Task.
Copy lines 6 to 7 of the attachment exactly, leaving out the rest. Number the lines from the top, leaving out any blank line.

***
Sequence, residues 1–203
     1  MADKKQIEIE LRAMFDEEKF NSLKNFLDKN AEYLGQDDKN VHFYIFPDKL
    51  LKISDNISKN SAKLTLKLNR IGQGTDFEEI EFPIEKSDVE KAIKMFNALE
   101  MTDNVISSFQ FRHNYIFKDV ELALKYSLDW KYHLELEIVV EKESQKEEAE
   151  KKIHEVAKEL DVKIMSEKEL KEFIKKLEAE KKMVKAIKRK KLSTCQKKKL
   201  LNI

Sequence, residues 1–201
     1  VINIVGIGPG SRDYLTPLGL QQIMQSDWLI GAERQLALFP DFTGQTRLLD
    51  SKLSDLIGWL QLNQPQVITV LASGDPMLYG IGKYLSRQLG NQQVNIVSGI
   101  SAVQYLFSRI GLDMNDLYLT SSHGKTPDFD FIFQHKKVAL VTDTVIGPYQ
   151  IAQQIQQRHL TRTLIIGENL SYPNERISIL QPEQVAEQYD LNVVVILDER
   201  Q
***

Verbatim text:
   201  LNI

Sequence, residues 1–201